Dodgeball Heart Disease Tournament raises funds for the American Heart Association


Cassie Wade


Dodgeball players of all ages took to the court to raise funds for the American Heart Association (AHA) during the second annual Dodgeball Heart Disease Tournament on Friday, Feb. 8. 

The tournament, hosted by the University of Nebraska at Omaha (UNO) and University of Nebraska Medical Center (UNMC), was held in UNO’s Health and Kinesiology building. 

Rachel Larson, AHA corporate events director, said the tournament was open to students, faculty and community members. 

“We want different members of the community, we want survivors, we want people who have been affected by heart disease to join in the tournament,” Larson said.

The tournament kicked off with volunteers scouting out the top teams during the first two rounds of pool play to create brackets. Once the official tournament started, games were single elimination.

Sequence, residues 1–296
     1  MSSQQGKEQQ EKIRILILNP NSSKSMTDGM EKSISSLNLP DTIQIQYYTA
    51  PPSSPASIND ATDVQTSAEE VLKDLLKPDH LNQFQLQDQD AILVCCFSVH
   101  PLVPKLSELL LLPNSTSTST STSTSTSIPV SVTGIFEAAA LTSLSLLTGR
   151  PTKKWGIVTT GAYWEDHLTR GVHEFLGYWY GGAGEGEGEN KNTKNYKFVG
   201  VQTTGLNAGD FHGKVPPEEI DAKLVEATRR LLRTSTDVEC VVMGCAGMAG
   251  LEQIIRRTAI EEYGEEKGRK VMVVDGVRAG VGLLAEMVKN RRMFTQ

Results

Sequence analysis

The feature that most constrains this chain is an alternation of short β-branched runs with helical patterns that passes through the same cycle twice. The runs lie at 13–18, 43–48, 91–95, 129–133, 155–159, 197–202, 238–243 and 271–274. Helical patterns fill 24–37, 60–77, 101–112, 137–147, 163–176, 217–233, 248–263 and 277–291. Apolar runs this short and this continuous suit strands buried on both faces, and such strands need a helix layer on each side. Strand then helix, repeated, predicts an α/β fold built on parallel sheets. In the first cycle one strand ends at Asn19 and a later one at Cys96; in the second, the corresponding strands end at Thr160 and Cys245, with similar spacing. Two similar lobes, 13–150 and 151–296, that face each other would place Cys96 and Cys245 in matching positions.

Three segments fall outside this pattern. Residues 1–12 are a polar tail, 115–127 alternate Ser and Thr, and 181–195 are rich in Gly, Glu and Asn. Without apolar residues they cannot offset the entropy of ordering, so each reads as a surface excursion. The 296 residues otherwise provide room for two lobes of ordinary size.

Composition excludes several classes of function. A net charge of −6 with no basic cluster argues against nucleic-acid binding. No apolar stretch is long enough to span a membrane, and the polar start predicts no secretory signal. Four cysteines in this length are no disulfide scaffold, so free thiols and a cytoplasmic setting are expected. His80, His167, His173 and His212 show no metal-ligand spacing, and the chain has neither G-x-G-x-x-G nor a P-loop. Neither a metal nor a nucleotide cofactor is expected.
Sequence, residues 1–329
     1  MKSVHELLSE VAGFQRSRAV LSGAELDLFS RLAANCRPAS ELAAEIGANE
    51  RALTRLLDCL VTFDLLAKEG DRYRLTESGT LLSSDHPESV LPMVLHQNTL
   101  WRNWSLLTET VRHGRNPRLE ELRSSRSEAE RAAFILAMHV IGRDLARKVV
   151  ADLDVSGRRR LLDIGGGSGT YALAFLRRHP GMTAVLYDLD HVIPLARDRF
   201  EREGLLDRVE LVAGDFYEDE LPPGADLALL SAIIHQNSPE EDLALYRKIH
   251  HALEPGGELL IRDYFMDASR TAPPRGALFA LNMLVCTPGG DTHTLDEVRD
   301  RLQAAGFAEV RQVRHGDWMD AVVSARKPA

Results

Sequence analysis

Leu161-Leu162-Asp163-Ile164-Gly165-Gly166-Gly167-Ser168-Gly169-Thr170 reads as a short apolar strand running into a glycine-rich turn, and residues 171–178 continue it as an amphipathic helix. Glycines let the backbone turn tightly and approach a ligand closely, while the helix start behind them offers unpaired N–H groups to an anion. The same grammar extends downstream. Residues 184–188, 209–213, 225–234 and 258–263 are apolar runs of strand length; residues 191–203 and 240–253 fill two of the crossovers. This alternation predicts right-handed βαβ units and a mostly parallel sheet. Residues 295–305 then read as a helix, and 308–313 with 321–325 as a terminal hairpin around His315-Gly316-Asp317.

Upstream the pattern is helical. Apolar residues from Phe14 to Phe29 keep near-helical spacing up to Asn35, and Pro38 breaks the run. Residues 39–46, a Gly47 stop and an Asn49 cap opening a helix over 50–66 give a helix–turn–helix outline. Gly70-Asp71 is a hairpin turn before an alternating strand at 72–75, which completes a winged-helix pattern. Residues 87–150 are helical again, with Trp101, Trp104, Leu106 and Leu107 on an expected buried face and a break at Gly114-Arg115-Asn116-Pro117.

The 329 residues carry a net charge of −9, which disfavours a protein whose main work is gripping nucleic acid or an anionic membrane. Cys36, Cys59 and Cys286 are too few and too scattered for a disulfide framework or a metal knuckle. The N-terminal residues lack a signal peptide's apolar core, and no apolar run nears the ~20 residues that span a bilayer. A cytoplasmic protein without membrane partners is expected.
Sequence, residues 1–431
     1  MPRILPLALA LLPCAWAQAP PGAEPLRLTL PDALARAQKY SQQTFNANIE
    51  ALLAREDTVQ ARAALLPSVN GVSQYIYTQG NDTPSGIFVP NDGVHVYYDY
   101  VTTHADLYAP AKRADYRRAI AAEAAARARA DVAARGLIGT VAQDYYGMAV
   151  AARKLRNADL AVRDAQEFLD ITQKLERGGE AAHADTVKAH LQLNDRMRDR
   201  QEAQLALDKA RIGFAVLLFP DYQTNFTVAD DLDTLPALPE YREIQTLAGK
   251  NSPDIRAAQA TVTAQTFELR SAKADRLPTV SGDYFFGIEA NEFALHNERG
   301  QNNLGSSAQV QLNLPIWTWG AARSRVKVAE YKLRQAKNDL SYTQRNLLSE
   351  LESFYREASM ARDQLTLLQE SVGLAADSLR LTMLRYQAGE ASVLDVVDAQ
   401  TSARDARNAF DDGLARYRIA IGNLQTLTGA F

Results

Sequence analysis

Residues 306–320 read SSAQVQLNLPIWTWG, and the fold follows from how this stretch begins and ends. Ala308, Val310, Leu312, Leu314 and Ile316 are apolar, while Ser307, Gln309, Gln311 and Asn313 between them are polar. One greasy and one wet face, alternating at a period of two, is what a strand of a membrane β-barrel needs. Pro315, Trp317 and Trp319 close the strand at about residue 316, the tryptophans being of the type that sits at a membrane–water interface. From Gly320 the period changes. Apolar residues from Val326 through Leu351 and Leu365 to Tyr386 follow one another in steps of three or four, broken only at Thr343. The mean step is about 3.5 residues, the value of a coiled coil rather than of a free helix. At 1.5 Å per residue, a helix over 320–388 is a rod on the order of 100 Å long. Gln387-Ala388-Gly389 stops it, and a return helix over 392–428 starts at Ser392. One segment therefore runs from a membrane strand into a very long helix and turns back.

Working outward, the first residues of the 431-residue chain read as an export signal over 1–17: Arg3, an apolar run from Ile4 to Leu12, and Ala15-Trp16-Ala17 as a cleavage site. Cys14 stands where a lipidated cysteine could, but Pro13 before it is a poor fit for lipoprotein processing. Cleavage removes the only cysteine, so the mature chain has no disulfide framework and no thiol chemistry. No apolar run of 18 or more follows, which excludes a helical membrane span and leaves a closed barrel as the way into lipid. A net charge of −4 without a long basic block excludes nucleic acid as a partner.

Competitive and recreational divisions provided teams with options on how they wanted to play, Larson said.

UNMC student Ian Lagerstrom was one of the dodgeball players who joined a team with friends for fun.

Photo by Maria Nevada/the Gateway

“We just finished one of our blocks at UNMC, and it was kind of like a fun Friday night thing to do,” Lagerstrom said. “I’m not a super competitive person tonight. Other times I might be, but I’m just here to have some fun.” 

Julia Shanks, who works in the cardiac research lab at UNMC, was a first time dodgeball player and signed up to play with her department members.

“We’re definitely here for the fun and in support of the cause,” Shanks said. “We’re quietly confident, and we’ve got a good mix of people, a good mix of sport backgrounds.”

Sponsors, including Enterprise, Inc., Chick-fil-A and Toppers, provided food and prizes for the event. 

Larson said the event would not be possible without the help of community partners and volunteers.

“It takes a long time to get something like this off the ground because it’s more grassroots, but we just want to keep making it bigger and better,” Larson said. “It really is a community-focused event, and we hope that it continues to grow.”